Russia, of course, is not the only nation to be reputed to be engaged in cyberwarfare tactics. Even though Russian officials have apparently been caught and charged with illicit cyber intrusions, so too is the case for the officials of other nations (such as China) -- without any talk of "acts of war". (See DOJ Charges Russian Agents in Yahoo Breach.)

Yet now, with 2017 come and gone, conversations about Russia's cyber-warmongering have taken a drastic turn amid accusations that the Russian government engaged in a lengthy and far-flung campaign throughout 2016 to interfere in the US Presidential Election. (See: The New Nation-State Normal.)

Cold War 2.0
As usual, Moscow has fervently denied any accusations of cyber-meddling -- despite recently released statements to the contrary by an imprisoned Russian official. Despite Russia's denials, Russian interference in the 2016 US Presidential Election has been generally accepted as fact.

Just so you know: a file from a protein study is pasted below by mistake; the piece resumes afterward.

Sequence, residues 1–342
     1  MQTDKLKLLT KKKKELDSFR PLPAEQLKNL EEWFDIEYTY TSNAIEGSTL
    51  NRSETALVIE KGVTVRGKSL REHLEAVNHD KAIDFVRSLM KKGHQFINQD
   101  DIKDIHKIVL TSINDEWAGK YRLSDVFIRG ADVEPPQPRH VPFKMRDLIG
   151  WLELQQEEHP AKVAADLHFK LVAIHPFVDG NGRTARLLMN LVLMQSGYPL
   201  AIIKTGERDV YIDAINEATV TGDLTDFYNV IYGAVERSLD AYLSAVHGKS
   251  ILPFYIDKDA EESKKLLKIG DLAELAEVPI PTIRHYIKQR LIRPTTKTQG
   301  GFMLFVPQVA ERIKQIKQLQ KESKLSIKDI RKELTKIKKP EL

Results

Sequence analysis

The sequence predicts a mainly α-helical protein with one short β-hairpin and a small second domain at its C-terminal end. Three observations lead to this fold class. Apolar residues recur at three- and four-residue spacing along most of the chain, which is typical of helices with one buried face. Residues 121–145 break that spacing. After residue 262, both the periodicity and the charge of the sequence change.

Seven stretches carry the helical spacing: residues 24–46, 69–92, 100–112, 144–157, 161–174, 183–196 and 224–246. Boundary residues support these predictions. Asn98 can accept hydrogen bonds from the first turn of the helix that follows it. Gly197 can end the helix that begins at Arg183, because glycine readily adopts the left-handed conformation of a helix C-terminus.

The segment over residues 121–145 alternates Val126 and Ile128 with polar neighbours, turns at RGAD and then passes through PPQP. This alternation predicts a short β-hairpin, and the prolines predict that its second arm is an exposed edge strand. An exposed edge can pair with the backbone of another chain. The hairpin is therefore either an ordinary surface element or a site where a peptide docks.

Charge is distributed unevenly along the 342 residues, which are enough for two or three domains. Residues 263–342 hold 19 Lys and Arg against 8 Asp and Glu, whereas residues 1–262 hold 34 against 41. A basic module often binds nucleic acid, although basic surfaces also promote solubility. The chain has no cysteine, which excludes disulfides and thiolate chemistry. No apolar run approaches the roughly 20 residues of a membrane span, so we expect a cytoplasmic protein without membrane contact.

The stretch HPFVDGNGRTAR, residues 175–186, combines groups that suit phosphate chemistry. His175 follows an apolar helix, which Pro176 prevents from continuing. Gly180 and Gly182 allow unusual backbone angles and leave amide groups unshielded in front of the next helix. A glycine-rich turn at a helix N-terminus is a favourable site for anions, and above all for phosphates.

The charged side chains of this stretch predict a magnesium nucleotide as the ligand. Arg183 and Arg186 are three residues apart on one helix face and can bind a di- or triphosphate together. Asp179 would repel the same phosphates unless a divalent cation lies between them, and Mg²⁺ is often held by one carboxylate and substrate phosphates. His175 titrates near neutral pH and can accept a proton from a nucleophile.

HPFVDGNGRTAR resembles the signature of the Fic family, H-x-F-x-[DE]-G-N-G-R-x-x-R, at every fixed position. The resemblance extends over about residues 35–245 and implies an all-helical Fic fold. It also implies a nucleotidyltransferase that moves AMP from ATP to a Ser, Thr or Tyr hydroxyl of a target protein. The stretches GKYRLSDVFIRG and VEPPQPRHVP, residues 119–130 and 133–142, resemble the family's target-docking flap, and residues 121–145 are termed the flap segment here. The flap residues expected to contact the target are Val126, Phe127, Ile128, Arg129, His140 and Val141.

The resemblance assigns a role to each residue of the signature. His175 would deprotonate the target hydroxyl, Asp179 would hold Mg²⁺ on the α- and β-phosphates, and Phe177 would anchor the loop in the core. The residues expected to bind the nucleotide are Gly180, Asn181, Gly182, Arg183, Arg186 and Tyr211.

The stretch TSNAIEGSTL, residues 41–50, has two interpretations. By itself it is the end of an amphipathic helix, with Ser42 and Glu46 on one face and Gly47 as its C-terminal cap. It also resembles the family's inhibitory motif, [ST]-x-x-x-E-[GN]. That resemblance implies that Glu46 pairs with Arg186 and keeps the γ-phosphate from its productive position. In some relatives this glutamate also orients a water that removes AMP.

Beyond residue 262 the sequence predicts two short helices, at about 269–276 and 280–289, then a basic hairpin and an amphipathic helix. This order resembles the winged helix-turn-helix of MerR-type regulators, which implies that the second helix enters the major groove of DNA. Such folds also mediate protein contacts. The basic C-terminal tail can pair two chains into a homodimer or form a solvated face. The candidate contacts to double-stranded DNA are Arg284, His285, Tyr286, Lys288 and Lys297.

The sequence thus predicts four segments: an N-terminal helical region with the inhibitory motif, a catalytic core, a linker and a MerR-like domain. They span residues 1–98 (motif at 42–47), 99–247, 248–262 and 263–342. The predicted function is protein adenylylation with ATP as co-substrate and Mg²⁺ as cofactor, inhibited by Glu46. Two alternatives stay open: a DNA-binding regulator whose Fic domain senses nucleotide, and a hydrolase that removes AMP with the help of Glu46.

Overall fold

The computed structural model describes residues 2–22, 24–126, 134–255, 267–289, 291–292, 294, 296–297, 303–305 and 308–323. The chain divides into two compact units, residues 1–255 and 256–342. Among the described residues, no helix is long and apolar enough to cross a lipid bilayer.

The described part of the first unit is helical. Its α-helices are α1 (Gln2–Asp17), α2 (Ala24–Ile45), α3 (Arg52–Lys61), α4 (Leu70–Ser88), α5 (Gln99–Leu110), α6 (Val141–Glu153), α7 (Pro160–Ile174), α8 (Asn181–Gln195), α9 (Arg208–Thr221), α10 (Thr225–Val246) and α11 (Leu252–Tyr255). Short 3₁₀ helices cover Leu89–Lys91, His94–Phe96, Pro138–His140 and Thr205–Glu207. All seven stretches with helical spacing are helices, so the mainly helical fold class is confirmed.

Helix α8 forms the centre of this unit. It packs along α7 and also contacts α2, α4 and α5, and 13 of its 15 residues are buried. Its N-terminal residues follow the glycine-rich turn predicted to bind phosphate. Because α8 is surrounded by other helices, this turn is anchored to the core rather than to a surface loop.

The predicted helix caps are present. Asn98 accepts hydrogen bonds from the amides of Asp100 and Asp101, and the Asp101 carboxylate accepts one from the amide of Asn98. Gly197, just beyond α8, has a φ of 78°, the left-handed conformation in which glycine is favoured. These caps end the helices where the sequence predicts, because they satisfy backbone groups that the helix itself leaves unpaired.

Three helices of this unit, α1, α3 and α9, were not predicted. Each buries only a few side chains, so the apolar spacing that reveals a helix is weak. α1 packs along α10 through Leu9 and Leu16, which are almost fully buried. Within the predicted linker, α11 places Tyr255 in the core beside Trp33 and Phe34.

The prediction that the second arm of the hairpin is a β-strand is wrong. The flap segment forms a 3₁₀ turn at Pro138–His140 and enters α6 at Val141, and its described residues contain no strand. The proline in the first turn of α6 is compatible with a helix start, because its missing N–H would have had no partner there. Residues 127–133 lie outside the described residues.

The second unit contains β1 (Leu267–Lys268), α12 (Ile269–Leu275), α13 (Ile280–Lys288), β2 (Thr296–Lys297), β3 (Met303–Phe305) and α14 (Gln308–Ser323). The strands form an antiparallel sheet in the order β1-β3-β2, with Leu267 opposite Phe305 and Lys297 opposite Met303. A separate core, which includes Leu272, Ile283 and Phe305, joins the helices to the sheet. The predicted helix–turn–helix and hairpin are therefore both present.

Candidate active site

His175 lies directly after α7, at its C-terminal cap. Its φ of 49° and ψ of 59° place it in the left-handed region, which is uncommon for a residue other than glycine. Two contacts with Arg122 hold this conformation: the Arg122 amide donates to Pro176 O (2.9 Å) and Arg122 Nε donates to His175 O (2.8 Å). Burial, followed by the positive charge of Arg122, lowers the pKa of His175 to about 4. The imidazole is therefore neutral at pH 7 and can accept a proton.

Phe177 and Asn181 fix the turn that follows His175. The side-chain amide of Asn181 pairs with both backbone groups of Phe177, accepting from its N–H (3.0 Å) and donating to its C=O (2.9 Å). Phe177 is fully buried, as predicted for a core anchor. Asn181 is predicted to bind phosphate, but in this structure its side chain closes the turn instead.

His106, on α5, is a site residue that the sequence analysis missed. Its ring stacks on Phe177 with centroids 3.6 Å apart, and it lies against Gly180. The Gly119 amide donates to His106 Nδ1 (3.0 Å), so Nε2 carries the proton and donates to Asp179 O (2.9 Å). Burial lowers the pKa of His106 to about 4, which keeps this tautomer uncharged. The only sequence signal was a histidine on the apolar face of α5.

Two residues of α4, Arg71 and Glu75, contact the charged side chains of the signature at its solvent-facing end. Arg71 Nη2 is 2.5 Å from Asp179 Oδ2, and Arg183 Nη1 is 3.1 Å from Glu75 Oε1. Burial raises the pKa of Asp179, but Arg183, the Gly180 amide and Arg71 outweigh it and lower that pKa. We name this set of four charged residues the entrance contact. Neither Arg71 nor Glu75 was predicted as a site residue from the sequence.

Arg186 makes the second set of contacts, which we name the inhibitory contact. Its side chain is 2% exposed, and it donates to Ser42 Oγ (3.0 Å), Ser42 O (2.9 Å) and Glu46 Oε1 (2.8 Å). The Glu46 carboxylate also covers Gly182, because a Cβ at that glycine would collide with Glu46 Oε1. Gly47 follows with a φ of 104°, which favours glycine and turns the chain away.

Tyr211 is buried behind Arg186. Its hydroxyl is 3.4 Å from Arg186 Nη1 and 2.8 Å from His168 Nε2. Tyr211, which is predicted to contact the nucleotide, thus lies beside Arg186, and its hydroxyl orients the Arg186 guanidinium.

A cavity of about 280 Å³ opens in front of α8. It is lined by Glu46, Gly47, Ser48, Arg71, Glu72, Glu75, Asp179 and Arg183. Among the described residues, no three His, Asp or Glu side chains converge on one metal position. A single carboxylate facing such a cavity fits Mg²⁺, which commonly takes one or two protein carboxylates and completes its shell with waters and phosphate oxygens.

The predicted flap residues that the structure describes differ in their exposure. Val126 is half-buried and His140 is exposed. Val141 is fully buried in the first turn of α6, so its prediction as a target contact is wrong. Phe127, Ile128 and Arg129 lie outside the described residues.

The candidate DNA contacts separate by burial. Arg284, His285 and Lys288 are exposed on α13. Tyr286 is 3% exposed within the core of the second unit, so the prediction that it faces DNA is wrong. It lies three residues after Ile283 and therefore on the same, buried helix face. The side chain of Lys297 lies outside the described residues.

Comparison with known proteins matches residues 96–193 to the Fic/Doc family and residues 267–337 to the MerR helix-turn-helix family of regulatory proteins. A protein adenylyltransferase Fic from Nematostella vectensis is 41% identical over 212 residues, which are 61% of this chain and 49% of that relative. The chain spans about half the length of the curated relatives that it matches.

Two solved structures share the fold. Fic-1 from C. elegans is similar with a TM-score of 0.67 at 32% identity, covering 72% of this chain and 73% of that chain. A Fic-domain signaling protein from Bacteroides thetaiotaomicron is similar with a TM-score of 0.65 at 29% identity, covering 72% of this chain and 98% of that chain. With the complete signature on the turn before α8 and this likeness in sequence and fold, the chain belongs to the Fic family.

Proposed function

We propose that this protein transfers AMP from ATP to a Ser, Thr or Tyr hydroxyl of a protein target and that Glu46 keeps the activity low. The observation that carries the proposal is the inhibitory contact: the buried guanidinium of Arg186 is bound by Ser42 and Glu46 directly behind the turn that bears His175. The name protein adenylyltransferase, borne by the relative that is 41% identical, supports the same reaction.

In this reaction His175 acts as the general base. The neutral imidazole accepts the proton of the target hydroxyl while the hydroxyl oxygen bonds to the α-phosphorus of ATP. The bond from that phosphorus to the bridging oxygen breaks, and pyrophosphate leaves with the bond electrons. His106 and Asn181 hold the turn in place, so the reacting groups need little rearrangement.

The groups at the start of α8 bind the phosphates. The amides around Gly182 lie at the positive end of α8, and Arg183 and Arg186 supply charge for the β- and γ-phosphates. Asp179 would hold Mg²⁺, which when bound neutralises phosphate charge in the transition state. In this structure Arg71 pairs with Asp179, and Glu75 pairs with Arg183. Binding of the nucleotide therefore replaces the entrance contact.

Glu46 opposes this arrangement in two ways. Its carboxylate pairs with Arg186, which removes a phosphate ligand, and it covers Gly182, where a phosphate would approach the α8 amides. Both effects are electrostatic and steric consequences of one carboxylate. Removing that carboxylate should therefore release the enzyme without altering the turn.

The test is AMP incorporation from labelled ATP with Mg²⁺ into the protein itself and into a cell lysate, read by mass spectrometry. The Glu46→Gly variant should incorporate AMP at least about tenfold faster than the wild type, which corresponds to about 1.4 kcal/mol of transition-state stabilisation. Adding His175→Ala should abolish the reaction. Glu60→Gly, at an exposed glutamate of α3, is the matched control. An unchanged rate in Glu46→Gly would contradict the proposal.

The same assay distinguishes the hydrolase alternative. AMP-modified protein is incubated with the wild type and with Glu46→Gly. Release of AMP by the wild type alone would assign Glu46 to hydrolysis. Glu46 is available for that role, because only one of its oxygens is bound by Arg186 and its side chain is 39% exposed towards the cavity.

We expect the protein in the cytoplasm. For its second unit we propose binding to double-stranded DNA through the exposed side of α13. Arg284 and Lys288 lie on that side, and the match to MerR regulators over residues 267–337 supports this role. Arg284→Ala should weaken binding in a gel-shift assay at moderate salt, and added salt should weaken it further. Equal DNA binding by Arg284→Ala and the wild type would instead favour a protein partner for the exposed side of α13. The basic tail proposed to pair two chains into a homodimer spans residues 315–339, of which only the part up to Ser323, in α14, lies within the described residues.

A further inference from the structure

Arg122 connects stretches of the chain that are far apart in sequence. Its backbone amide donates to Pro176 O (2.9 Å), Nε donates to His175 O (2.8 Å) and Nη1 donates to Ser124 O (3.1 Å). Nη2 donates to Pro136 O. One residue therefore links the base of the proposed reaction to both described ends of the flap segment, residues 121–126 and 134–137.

Interestingly, BeyondTrust's blogged prognostication (blognostication?) of an act of cyberwarfare came the day after Election Day in the US -- when Donald Trump was elected President. Might this be what BeyondTrust had in mind?

Indeed, US sanctions against Russia followed -- and, lo and behold, a US State Department official has recently come right out and actually referred to these acts as an act of war.

"I will tell you that when a country can come interfere in another country's elections, that is warfare," declared Nikki Haley, US Ambassador, at a forum three months ago in New York as she referenced Russia's putative electoral interference. "I find it fascinating because the Russians, God bless 'em, they're saying, 'Why are Americans anti-Russian? And why have we done the sanctions? Well, don't interfere in our elections and we won’t be anti-Russian."

It would seem that this satisfies the BeyondTrust prophecy -- except that BeyondTrust's prediction technically reads that the cyber-act of war itself would be conducted in 2017 (well after the US election that Russia is said to have interfered in).

Looking back to Europe